For big-wall elegance, however, the 1987 French/Swiss ascent is the apex. Frenchmen Michel "Tchouky" Fauquet and Patrick Delale and Swiss Michel Piola and Stephane Schaffter teamed up for the soaring western pillar of Trango Tower. This prow glows deep orange at sunset, but shadows hide its lower 300 meters, which, they report, overhang by a dizzying three ropelengths. With a rating of French 6c A4, it's a serious aid route, twenty-six pitches long, capped by big pendulum swings to connect the splitter headwall cracks. The team found only one bivouac ledge on the route, a prominent snowfield halfway up. On the summit, reached June 22, Fouquet departed by parapente and landed in base camp eleven minutes later. His partners took two days to rappel down and strip their ropes. The route is named Gran Diedre Desplomado, which means simply Great Overhanging Dihedral.
So far, all successes had been on routes overlooking the Trango Glacier, but interest now turned to the rugged Dunge Glacier. From the Dunge, Trango resembles a smooth-walled missile with a needle summit. A 1000-meter, climb-only-at-night avalanche chute gains the wall here, and a snowy horizontal terrace at one-third height spans the tower like a belt, running from the spacious bivouac palace of the south shoulder (commonly called "the Shoulder," and serving as the campsite for Eternal Flame, the Slovenian Route and Run for Cover) and across the east face. Further right, the ledge drops away to the intimidating north face.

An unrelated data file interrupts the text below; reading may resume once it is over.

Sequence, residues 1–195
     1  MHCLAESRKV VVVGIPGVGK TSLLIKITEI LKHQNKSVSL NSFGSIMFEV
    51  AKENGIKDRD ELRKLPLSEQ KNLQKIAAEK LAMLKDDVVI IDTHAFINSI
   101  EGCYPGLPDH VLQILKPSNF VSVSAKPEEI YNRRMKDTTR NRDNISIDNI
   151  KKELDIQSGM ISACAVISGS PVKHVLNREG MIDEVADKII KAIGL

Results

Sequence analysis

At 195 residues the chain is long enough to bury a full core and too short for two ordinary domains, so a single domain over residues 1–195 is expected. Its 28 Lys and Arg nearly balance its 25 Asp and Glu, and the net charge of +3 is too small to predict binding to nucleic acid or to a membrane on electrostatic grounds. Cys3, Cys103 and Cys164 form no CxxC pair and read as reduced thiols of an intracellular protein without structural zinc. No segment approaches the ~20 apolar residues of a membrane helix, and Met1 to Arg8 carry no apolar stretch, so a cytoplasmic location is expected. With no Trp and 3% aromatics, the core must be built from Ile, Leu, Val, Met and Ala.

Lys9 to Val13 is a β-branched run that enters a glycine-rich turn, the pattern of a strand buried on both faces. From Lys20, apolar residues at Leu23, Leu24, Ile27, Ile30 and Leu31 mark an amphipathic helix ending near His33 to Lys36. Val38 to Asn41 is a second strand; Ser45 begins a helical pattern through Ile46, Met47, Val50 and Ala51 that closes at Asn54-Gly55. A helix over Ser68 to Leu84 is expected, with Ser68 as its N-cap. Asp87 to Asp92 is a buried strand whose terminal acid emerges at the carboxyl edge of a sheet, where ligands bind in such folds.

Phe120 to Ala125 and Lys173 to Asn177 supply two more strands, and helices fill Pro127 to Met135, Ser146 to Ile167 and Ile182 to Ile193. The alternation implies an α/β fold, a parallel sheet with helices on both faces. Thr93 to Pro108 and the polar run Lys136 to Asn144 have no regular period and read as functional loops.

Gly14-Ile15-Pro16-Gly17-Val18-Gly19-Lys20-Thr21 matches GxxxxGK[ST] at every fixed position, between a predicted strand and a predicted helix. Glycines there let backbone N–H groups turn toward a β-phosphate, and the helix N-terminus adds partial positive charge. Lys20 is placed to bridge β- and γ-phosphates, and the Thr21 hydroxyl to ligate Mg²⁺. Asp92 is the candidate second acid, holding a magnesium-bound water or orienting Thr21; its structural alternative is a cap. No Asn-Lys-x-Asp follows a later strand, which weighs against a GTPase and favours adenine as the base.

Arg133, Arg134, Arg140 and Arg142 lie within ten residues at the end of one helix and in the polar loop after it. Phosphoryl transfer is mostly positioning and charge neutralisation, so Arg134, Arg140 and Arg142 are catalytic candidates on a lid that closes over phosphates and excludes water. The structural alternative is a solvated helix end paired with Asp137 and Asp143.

I had failed low on the east face in 1986, with Leavitt and Hargis (shortly after Poland's Voytek Kurtyka and Japan's Noboru Yamada, Kasuhiro Saito and Kenji Yoshida, gave up on it). At that time, the British Route was still the only known way up, and the sole ascent. I had a ravenous desire to make the second, but none of us were in any physical shape to do so. We'd all just passed a month on Gasherbrum IV, and Hargis and I had spent a forced bivouac at 7800 meters. By the time we got to Trango, our food was down to potato powder and porridge, and our gums were bleeding from vitamin deficiencies. We were done in, and the truck-sized lump of snow that nearly hit Leavitt on Day 3 of our attempt was a welcome excuse to go home.
In July 1988 Kurtyka, with the Swiss Erhard Loretan (the third man to climb all the 8000-meter peaks), came back to the east face and climbed an elegant twenty-nine-pitch route that they rated 5.10 A3. Though both are strident proponents of alpine style on peaks as serious as K2 and Gasherbrum IV, they fixed roughly 600 meters of rope on Trango because, as Kurtyka wrote, "it would be unwise to expect too long a stretch of fine weather in the Karakoram." This method allowed them to descend to base camp during storms and make good time on the wall, where they spent "fourteen action days." Given their credentials, their use of fixed rope says a lot about the practicality of alpine style on Karakoram big walls. Up to this point, no successful new route on Trango has embraced pure alpine-style tactics.